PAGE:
Data Centers

Understanding Windows 2000 network load balancing

As network traffic grows, you need a way to accommodate it. Eventually, even the fastest servers become overwhelmed. Jim Boyce shows you how to spread the load across multiple servers without affecting end users.


Windows 2000 Advanced Server and Datacenter Server both provide network load balancing to allow you to build a network architecture for your Web, VPN, Terminal Services, streaming media, and other IP-based services that provides fault tolerance and redundancy for mission-critical applications. In this Daily Drill Down, I’ll give you an overview of this technology to help you understand how it works and how to deploy network load balancing for testing and evaluation.

Network load balancing overview
Businesses increasingly rely on computers and intranet- or Internet-based services to support their daily operations and provide services to their customers. Whether you’re serving databases to your users or Web sites and other Internet-based services to the public or your customers, ensuring that those servers remain up 24 hours a day, seven days a week is a critical aspect of your business’ success. Ensuring that servers remain up and provide failover capability isn’t just for large organizations with several servers. Even small businesses that have only one server can benefit from network load balancing to secure against loss of business or productivity because of a failed server. If a single server handles all of your services, for example, consider the impact that the server going down would have on your business. Even if you use RAID arrays to protect against drive failures and faithfully perform backups and validate those backup sets, the occasional hardware failure still occurs. Can you afford to have your only server offline for a day or two while you rebuild it?

Windows 2000 Advanced Server and Windows 2000 Datacenter Server both provide two services—clustering and network load balancing—to make it possible to distribute services across multiple servers and reduce the load on any given server and to ensure that if a server goes down the service will be uninterrupted. Clustering provides failover support, allowing services to be available to users and customers even if a server goes down. Network load balancing allows you to distribute the load for services and also provides a measure of failover support.

Network load balancing allows you to scale your services as the load on the servers grows. For example, if you host your Web site on multiple servers in a network load balancing cluster, you can add additional servers to the cluster to handle higher volume traffic, improving response time. In addition, network load balancing allows the servers in the cluster to detect a server failure and automatically distribute client traffic to the other servers in the cluster. Network load balancing is designed to accomplish this failover and repartitioning within 10 seconds of the failure.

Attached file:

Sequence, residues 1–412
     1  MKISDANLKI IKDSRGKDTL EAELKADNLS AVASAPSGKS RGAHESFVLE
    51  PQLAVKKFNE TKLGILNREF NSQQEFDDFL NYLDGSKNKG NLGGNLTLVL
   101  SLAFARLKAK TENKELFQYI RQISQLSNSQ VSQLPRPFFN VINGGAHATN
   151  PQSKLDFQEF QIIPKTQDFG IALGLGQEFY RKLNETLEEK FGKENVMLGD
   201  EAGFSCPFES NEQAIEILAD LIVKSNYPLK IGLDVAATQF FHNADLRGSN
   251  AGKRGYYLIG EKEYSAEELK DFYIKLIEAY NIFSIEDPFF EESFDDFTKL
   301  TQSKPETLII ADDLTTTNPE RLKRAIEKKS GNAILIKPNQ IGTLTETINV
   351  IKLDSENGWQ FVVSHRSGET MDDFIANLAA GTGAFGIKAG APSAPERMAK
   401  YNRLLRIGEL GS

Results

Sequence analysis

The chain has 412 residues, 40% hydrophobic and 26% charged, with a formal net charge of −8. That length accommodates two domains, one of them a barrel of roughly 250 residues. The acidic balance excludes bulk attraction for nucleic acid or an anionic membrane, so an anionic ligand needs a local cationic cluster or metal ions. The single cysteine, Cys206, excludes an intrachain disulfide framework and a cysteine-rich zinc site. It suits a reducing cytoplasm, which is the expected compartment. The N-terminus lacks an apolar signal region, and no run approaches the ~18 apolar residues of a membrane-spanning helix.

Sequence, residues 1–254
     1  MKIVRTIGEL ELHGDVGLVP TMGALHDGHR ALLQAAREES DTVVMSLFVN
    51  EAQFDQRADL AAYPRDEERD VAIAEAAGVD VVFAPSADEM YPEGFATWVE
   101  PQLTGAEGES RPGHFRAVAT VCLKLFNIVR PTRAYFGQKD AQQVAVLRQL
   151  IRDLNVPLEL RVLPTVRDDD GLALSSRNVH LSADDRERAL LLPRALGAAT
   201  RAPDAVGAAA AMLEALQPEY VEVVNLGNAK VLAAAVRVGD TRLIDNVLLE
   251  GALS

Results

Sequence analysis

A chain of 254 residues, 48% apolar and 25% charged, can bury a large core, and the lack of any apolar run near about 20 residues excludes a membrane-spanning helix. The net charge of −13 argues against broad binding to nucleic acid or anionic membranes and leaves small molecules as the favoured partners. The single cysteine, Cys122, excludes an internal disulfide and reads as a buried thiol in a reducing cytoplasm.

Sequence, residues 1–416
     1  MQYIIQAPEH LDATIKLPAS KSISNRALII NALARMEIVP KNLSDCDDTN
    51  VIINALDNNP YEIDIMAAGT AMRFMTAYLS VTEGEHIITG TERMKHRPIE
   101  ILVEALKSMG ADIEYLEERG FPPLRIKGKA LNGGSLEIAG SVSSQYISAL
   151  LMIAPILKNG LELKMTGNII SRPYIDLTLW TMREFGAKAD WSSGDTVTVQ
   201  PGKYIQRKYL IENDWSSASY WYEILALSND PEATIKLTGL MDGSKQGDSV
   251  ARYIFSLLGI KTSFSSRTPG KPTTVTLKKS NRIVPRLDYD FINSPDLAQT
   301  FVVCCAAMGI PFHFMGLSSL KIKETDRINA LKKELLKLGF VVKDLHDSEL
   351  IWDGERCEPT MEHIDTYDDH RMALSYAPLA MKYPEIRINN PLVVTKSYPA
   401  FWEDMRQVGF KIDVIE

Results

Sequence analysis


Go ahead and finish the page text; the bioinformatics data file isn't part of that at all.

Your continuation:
You can provide a measure of load balancing for certain IP-based services such as Web and FTP by using round-robin DNS, which uses multiple host records that resolve the same host name to different IP addresses (and therefore, different servers). For example, you might create four host records for www that map that host name to four different physical servers. As DNS queries come in to the DNS server, the DNS service responds to those queries with alternating host records so that in four queries for the same host (in this example), the server would respond with four different IP addresses. The advantage of using round-robin DNS is that you can do it with Windows 2000 Server, as well as Advanced Server and Datacenter Server. The drawback is that round-robin DNS provides no redundancy. There is no way for each of the servers to know if another one fails, and the DNS service continues to respond to name queries with the IP address of the failed server. So, in this example, one out of four users who try to connect to your Web site will fail in the attempt. With true network load balancing, however, users would not experience a service disruption because the failed server would automatically be taken down and would no longer receive client traffic.